Some Things Fishy in Rare Books: Izaak Walton’s Compleat Angler and Other Fish Tales
The Compleat Angler; or, the Contemplative Man’s Recreation by Izaac Walton [1593 – 1683] was first published in 1653 and has been reprinted numerous times remaining the favorite fishing book of many to this day. Several editions were published during Walton’s lifetime and many more since. By 1936, The Compleat Angler had been reprinted with and without changes 283 times by bibliographer Peter Oliver’s count and, according to multiple sources, is the third most printed book, after the Bible, and the writings of Shakespeare.
What to some would seem an unlikely hot seller, The Complete Angler is a sentimental favorite for readers and printers alike. The text is a pastoral walk through the English countryside filled with practical and philosophical discourse between a hunter, a falconer, and an angler, each one promoting the merits of his chosen occupation. The angler Piscator teaches Venator the hunter how to fish and impresses upon him and reader alike that “angling is an art.” In the discourse, the angler passes along fishing tips and other bits of wisdom, including ways to prepare the fish one catches, poetry and songs about fishing. Somewhere between Piscator’s good humor, the convivial comradeship and the pleasantly comforting imagery of nature, angler or not, the reader develops a fondness for the characters, the countryside and the author who brings us this fine fish tale that has survived the test of time.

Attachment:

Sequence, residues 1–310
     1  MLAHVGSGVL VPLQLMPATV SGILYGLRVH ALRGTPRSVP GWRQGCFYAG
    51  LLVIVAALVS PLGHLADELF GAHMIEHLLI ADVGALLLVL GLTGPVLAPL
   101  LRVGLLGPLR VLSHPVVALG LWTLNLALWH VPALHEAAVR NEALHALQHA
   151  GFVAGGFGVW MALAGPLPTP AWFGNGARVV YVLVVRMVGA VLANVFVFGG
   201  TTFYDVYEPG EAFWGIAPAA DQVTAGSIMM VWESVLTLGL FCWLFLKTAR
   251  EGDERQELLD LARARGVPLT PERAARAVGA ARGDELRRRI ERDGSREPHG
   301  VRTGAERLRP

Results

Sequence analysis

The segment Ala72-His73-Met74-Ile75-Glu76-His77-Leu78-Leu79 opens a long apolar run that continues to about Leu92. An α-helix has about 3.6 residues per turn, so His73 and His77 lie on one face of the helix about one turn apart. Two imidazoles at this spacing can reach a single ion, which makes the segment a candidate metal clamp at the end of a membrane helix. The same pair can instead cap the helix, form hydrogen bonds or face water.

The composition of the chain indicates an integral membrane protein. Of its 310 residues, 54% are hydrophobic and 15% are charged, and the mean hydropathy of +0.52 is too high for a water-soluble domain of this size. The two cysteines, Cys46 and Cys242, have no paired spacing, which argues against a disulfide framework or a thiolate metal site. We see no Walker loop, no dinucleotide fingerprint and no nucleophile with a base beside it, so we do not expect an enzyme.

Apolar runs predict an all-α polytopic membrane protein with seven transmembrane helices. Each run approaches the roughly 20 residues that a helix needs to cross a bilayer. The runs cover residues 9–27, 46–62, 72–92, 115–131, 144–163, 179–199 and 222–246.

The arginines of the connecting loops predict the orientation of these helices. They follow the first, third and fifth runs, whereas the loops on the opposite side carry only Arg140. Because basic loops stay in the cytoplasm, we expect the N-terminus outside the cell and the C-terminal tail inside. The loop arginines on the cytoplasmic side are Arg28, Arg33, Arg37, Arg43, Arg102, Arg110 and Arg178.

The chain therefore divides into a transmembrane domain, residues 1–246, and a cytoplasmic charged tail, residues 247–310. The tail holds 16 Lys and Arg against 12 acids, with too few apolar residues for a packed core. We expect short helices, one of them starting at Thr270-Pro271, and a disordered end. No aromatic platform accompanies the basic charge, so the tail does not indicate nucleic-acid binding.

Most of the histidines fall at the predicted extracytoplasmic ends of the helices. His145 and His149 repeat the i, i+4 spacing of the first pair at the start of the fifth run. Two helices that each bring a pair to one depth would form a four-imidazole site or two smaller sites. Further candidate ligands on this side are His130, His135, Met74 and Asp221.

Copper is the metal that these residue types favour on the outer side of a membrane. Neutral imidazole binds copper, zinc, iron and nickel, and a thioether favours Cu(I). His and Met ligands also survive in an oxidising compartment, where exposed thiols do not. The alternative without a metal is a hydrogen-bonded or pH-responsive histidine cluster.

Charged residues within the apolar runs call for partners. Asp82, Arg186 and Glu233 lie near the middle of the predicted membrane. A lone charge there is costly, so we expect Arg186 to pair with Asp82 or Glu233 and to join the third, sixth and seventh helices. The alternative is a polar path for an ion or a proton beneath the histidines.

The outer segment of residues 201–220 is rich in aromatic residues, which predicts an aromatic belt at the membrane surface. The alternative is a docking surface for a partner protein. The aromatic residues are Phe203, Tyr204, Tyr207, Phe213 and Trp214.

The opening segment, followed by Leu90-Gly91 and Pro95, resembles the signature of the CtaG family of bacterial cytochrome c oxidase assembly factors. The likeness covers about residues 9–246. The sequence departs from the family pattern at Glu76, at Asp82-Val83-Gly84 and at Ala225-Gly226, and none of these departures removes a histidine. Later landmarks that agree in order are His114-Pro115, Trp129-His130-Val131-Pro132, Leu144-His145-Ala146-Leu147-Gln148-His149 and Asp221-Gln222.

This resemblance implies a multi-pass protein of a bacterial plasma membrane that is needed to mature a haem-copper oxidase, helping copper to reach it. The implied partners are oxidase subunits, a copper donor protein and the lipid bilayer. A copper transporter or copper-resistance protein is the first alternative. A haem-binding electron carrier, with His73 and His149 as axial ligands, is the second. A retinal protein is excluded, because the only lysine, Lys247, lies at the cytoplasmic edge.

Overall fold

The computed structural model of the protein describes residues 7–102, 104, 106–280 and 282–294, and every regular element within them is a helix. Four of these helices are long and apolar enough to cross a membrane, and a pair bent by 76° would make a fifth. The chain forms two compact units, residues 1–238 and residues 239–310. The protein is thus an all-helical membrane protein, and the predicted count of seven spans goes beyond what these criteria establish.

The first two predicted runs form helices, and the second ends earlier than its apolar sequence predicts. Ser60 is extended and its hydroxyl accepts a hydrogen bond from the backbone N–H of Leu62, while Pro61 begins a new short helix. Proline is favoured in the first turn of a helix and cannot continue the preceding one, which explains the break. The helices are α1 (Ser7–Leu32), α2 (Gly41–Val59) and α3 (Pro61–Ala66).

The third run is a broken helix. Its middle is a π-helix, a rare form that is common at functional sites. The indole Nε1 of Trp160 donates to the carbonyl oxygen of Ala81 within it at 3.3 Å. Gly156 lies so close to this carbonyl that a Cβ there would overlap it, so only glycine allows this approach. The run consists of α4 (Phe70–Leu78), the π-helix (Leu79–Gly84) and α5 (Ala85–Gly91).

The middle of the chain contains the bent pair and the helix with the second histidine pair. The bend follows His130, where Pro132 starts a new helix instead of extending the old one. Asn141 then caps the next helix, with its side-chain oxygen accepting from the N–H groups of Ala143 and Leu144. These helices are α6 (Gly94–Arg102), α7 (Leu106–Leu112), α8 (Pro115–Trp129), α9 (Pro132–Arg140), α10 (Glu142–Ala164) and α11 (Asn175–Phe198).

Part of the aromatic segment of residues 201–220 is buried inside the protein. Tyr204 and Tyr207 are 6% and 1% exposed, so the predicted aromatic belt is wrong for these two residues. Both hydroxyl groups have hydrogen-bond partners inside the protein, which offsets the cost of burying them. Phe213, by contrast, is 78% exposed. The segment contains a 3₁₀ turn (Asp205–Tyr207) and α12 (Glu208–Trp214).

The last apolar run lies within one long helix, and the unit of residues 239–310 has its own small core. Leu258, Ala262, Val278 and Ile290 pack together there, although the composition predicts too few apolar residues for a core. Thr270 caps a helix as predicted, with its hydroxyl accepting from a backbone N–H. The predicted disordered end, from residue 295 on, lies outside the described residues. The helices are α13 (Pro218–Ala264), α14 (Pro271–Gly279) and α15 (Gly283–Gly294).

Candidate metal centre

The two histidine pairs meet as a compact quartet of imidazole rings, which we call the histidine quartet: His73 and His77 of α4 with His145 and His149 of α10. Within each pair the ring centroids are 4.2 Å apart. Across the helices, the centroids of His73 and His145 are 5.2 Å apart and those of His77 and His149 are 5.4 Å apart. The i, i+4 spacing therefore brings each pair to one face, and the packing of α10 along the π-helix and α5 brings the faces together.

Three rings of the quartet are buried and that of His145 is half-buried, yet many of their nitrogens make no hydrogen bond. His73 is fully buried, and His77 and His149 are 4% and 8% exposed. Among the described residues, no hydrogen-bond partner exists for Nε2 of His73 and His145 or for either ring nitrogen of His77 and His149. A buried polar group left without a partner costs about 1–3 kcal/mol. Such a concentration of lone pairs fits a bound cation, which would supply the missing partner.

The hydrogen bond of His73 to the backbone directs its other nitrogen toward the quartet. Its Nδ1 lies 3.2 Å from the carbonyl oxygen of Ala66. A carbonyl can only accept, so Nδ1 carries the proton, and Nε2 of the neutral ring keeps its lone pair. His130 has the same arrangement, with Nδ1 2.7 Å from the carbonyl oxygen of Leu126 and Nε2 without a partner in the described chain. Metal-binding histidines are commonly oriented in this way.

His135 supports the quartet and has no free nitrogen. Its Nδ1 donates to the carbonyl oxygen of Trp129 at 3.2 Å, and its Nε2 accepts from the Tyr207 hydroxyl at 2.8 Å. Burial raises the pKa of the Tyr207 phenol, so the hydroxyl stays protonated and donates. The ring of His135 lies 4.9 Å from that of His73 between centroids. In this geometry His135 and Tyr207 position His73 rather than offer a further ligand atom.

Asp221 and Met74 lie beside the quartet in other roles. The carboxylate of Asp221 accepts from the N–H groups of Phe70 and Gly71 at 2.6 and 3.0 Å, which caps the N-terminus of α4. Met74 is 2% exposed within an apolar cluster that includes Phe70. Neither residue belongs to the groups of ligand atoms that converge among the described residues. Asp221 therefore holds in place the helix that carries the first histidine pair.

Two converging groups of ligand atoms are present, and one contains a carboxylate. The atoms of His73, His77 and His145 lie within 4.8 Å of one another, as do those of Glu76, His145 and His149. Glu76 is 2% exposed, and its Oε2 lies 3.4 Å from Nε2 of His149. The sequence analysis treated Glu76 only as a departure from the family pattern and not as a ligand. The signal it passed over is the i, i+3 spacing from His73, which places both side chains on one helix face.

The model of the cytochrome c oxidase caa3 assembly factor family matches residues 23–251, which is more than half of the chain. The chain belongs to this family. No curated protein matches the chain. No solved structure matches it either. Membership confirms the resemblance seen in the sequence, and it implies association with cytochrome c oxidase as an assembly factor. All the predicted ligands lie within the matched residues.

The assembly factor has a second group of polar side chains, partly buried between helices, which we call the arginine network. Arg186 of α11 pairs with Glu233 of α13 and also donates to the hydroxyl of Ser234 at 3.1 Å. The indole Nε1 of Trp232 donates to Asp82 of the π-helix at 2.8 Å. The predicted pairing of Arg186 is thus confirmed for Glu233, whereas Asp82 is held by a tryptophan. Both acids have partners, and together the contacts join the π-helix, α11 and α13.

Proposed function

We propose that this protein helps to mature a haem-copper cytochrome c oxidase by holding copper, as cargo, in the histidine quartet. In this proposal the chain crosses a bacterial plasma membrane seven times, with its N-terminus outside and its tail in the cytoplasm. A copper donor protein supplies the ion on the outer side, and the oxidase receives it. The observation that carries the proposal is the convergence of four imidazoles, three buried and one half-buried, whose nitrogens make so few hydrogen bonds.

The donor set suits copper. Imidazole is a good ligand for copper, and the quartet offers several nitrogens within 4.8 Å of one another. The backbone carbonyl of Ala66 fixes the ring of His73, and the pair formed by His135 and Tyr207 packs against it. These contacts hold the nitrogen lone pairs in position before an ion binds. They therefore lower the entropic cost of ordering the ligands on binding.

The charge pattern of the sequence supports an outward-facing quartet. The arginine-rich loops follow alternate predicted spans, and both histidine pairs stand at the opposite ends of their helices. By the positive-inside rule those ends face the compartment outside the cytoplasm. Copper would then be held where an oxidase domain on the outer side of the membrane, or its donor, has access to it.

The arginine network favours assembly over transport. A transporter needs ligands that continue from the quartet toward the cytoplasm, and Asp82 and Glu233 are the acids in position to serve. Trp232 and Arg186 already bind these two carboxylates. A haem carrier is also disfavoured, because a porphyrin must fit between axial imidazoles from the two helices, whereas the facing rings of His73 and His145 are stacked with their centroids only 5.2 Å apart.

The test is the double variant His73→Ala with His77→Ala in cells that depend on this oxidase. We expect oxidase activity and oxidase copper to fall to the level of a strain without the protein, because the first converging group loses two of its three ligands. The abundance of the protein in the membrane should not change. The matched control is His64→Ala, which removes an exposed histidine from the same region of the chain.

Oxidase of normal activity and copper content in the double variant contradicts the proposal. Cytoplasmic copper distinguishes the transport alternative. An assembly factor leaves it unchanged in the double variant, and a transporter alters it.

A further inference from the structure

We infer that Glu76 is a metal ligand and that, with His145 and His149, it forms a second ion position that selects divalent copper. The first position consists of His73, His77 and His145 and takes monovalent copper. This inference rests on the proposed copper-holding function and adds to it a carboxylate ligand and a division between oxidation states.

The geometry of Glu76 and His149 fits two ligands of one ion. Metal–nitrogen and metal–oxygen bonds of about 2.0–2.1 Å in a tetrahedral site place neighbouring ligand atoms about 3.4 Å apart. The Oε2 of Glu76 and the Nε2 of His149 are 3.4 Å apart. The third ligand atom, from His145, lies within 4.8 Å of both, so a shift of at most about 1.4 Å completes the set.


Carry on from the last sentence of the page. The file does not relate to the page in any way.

Along with many early and fine editions of Walton’s Compleat Angler, the exhibit “Some Things Fishy in Rare Books” reveals spectacular ichthyological illustrations spanning multiple decades. On display are fish illustrations from Conrad Gesner’s 16th century Historia Animalium to Mark Catesby’s 1750 Piscium Serpentum and, more recently, Zane Grey’s photo illustration in Tales of Fresh-Water Fishing from 1928.
Exhibit dates: February 7 – June 18, 2012